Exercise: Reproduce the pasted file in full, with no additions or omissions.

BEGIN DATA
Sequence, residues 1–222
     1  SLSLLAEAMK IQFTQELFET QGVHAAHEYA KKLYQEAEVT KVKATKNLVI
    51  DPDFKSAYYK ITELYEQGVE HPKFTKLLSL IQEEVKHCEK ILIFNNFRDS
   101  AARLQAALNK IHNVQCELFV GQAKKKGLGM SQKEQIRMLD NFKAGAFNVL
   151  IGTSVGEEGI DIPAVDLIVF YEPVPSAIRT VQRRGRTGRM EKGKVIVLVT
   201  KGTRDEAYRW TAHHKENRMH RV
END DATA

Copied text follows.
Sequence, residues 1–222
     1  SLSLLAEAMK IQFTQELFET QGVHAAHEYA KKLYQEAEVT KVKATKNLVI
    51  DPDFKSAYYK ITELYEQGVE HPKFTKLLSL IQEEVKHCEK ILIFNNFRDS
   101  AARLQAALNK IHNVQCELFV GQAKKKGLGM SQKEQIRMLD NFKAGAFNVL
   151  IGTSVGEEGI DIPAVDLIVF YEPVPSAIRT VQRRGRTGRM EKGKVIVLVT
   201  KGTRDEAYRW TAHHKENRMH RV